Tag Archives: Supreme Court

The Supreme Court Arguments in Carpenter Show that It May Be Time to Redefine the “Third-Party Doctrine”

On Wednesday, the Supreme Court heard oral arguments in Carpenter v.  U. S., a case that involved the collection of 127 days of Petitioner Thomas Carpenter’s cell site location information as part of an investigation into several armed robberies.  We attended the argument to gain any insights into how the Supreme Court may resolve this … Continue Reading

Ninth Circuit Holds That Spokeo Plaintiff Has Standing to Proceed on Claim Over Inaccurate Information

The closely watched lawsuit alleging Spokeo, Inc., violated the Fair Credit Reporting Act (“FCRA”) may proceed, after a federal appeals court ruled — on remand from the Supreme Court — that publication of the inaccuracies alleged by the plaintiff would constitute a sufficiently “concrete” harm to give the plaintiff standing to sue in federal court.  … Continue Reading

U.S. Supreme Court Denies Cert In VPPA Case

Yesterday, the Supreme Court denied certiorari in In re Nickelodeon Consumer Privacy Litigation, a case addressing whether static digital identifiers like internet protocol (IP) addresses qualify as personally identifiable information (PII) under the Video Privacy Protection Act (VPPA).  As a result, the Third Circuit’s June 27, 2016 decision in the case—which held that IP addresses … Continue Reading

Supreme Court Issues Highly Anticipated Spokeo Decision

The Supreme Court released its highly anticipated decision yesterday in Spokeo, Inc. v. Robins, which addresses whether plaintiffs have standing to pursue statutory damages even in the absence of actual harm under the Fair Credit Reporting Act (“FCRA”).  As we previously reported, the case was expected to have significant down-stream implications for standing in privacy … Continue Reading

Supreme Court Strikes Down Ordinance Authorizing Warrantless Searches of Hotel Records

On June 22, the Supreme Court issued its decision in Los Angeles v. Patel, striking down a Los Angeles city ordinance that allowed law enforcement to inspect hotel guest registers on demand as facially unconstitutional.  Writing for a 5-4 majority, Justice Sotomayor held that the ordinance violated the Fourth Amendment by failing to provide for … Continue Reading

Supreme Court to Consider Whether Actual Harm is Required to Recover Under the Fair Credit Reporting Act

On Monday, the U.S. Supreme Court granted certiorari and agreed to consider Robins v. Spokeo, Inc., in which the U.S. Court of Appeals for the Ninth Circuit held that Thomas Robins had adequately alleged Article III standing to sue website operator Spokeo, Inc. (“Spokeo”) under the Fair Credit Reporting Act (FCRA), 15 U.S.C. § 1681 … Continue Reading

Solicitor General Urges Supreme Court To Leave Spokeo Ruling In Place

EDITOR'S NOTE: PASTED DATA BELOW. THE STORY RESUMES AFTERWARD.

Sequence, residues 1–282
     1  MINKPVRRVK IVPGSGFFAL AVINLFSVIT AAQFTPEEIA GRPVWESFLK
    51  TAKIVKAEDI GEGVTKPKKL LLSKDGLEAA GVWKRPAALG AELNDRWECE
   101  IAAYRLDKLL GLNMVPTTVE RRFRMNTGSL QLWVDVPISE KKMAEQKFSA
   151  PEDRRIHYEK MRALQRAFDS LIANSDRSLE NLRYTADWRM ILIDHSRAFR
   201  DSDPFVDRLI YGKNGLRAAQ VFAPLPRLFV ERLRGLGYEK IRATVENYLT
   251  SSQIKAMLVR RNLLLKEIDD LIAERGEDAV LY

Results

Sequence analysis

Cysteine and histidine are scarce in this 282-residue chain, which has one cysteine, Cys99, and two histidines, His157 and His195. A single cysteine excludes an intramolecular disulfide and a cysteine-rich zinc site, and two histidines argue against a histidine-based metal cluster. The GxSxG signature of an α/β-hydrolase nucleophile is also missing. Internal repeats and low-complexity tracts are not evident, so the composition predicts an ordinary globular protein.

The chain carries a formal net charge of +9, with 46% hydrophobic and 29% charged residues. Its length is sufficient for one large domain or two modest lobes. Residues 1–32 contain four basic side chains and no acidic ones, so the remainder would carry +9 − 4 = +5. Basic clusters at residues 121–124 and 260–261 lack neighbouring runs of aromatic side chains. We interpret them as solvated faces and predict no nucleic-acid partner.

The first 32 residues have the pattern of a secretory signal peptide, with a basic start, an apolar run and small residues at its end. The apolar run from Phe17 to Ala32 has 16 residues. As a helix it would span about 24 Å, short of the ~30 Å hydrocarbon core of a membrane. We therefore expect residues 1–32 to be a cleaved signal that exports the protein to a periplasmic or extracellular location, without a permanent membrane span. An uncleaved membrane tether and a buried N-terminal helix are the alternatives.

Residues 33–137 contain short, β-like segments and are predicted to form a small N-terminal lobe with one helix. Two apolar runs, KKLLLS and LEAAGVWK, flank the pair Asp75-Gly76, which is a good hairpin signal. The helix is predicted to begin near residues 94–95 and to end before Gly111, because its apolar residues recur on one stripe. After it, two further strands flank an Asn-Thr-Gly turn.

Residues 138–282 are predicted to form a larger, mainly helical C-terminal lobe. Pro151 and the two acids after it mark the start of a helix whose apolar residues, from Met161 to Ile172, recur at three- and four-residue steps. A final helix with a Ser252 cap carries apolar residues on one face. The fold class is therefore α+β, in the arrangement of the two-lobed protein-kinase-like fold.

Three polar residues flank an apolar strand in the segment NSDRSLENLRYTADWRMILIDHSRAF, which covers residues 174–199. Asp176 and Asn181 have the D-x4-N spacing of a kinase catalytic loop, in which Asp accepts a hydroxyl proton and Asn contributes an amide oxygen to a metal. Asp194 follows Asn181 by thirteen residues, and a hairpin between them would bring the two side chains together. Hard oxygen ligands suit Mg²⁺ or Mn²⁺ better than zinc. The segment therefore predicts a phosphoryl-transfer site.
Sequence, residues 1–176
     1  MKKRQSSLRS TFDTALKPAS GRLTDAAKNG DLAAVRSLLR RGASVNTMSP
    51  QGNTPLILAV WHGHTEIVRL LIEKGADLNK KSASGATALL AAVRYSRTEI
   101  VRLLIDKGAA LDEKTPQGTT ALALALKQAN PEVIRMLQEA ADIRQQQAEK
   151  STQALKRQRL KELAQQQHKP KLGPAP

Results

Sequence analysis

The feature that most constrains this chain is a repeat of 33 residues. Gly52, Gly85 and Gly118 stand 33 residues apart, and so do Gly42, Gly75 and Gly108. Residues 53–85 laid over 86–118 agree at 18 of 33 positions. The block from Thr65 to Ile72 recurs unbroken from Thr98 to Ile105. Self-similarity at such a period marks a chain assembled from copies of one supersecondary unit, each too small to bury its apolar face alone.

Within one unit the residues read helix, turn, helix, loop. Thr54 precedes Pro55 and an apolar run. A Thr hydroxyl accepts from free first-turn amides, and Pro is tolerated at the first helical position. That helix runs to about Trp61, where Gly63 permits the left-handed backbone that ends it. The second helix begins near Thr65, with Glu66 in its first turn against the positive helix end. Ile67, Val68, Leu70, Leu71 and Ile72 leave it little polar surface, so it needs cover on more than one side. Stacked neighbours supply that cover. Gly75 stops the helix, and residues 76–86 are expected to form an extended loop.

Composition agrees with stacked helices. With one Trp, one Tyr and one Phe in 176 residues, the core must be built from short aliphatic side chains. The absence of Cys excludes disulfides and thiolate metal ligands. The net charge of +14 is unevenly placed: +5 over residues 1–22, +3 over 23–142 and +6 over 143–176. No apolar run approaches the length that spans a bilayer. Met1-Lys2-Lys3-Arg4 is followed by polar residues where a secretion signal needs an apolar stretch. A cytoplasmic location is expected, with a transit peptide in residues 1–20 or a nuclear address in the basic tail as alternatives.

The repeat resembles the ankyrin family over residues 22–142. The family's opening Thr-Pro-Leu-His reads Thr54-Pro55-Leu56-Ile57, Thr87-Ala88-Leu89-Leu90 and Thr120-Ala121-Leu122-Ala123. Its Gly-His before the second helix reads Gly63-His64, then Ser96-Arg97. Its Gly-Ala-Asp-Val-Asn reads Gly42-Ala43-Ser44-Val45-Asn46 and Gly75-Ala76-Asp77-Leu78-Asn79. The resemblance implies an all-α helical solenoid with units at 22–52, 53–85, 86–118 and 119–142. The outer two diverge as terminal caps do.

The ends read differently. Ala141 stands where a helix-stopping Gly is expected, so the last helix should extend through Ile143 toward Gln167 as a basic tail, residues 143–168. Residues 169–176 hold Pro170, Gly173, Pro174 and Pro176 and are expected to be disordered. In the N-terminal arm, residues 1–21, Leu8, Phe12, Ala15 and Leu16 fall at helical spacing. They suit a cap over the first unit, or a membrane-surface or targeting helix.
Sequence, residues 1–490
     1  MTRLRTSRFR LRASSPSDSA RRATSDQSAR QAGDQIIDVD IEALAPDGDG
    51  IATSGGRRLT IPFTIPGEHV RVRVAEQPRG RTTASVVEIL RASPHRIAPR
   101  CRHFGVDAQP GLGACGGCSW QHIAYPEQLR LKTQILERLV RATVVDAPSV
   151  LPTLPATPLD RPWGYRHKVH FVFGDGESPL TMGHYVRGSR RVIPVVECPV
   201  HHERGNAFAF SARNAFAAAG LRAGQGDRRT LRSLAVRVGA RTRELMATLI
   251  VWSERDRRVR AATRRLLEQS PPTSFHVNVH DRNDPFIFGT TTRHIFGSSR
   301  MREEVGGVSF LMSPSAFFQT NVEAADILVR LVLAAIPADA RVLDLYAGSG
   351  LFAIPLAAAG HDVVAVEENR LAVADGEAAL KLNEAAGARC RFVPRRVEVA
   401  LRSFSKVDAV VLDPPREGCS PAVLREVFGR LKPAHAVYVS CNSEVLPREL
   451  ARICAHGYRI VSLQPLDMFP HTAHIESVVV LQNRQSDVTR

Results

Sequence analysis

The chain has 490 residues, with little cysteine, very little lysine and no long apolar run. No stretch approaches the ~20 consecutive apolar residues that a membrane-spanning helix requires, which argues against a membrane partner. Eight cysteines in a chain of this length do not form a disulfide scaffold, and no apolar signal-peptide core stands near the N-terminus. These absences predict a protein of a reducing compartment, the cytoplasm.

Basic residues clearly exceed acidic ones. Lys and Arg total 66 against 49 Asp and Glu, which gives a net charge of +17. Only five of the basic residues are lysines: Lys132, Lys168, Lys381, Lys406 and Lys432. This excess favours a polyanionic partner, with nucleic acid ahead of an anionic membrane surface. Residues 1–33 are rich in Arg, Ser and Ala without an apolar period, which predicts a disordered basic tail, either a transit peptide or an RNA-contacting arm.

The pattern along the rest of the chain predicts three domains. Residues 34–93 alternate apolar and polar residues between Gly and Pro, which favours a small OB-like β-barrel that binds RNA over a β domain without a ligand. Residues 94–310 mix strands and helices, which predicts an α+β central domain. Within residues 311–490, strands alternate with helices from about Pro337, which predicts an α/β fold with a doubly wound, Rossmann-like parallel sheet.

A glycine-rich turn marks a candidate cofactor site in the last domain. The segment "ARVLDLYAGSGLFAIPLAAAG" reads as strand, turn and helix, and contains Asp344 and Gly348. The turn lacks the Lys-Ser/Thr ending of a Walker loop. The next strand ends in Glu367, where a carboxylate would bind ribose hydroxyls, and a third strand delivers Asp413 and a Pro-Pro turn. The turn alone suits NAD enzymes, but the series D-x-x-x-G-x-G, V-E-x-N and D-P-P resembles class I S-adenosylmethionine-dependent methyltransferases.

In the closely-watched case of Spokeo, Inc. v Robins, the Solicitor General recently filed an amicus brief urging the Court to deny certiorari and leave in place the 9th Circuit’s holding, which could encourage the rising tide of privacy class action litigation.  The Solicitor General’s brief—coauthored by the Consumer Financial Protection Bureau—argued that the dissemination … Continue Reading

Canada’s Highest Court Rules That Police Can Search Cell Phone Contents After Arrest

By Lala Qadir The Supreme Court of Canada recently issued a 4-3 decision that gave the police a green light in conducting warrantless searches of an arrestee’s cell phone as long as the search is directly related to the suspected crime and records are kept.  Over three dissenting judges that characterized mobile phones as “intensely … Continue Reading

Supreme Court Rules In Favor of Comcast; Class Improperly Certified

Last week, in Comcast Corp. et. al. v. Behrend et al., the United States Supreme Court reversed the Third Circuit’s decision to certify a class of Comcast subscribers allegedly harmed due to practices of Comcast in the Philadelphia “cluster” that supposedly lessened competition and resulted in supra-competitive prices.  A 5-4 majority of the Court held that … Continue Reading

Supreme Court Rejects Plaintiffs’ Efforts to Stipulate Out of Federal Court

The U.S. Supreme Court unanimously ruled on Tuesday that plaintiffs bringing class actions cannot escape federal jurisdiction by stipulating to seek less than $5 million in damages.  In a nine-page opinion, the Court held that plaintiff Greg Knowles had no power to speak for the proposed class when he stipulated in a lawsuit against Standard … Continue Reading

Supreme Court Nixes FISA Surveillance Suit on Standing Grounds

This week, in a 5-4 decision in Clapper et al. v. Amnesty International USA et al., the United States Supreme Court rejected two theories of Article III standing presented by a group of attorneys, human rights, labor, legal, and media organizations who sought a declaration that surveillance under section 1881a of the Foreign Intelligence Surveillance Act … Continue Reading

Government May be Immune to Suits Alleging Violations of FACTA